1. Paul, It was a privilege to read every word of this posting, and your blog is very good. You should stop apologizing and warning your readers ... Not needed!

    It is an equal privilege to see what a fine man, father and husband you have grown to become. Your serious and honest discernment was evident to all of us at Meinrad, even if we did not tell you at the time.

    Your authentic testimony here - in my view - is the ideal vocations story, regardless of the end result. First and foremost you have grown in your baptismal calling to holiness and you have sought the will of God. Those of us who were seminarians but became married men and fathers are better for the experience of intentional formation against the backdrop of celibate priesthood.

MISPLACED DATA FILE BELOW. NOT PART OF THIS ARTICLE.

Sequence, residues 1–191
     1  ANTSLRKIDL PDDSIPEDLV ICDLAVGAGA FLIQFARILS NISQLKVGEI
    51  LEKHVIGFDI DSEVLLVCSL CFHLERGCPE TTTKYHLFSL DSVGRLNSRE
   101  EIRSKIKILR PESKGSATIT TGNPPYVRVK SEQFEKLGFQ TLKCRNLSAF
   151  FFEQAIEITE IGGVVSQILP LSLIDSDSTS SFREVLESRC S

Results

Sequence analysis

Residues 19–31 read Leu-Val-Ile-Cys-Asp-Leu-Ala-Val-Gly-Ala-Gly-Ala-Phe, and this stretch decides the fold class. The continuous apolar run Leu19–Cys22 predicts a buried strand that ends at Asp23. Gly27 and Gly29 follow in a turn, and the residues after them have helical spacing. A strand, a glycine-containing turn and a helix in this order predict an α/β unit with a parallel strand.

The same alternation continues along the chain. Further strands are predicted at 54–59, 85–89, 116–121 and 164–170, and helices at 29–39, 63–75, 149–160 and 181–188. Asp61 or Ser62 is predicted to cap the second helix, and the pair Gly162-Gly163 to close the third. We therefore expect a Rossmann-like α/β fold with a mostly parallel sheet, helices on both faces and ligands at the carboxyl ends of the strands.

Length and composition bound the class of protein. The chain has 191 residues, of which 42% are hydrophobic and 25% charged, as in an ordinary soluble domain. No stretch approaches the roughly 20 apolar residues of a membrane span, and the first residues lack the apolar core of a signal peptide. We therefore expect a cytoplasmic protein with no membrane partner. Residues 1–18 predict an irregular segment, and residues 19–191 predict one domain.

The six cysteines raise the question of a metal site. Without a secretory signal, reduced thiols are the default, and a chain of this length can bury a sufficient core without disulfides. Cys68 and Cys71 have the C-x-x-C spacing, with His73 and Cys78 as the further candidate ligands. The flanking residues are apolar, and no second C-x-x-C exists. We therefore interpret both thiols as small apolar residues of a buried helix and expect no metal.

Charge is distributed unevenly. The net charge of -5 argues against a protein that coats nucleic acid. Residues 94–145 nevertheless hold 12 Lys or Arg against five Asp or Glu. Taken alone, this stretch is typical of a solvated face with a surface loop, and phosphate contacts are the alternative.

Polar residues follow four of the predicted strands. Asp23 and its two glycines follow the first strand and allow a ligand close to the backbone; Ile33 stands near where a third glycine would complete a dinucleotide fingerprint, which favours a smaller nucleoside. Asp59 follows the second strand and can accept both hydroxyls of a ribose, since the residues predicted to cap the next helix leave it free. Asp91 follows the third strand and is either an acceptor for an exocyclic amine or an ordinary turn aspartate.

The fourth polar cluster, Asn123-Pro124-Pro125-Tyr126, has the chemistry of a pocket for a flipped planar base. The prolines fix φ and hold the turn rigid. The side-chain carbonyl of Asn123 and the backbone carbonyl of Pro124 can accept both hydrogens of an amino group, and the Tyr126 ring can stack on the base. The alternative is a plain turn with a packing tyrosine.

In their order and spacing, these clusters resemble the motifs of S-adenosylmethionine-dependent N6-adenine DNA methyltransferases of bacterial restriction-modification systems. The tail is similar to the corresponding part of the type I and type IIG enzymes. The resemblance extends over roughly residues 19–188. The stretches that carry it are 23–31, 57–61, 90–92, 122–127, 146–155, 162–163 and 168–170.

Just as we are better husbands and fathers because of that experience, priests today will grow in their calling by our witness of commitment, mercy, sacrifice and holiness within the domestic church. This is how the Communion of the Church works.

    Many blessings on your ministry of family. Keep writing. You are a good man!

    Peace, Dan Sarell (St. Meinrad College, Class of '97)

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  2. Ok here goes. My story is far from finished.

    Part 1: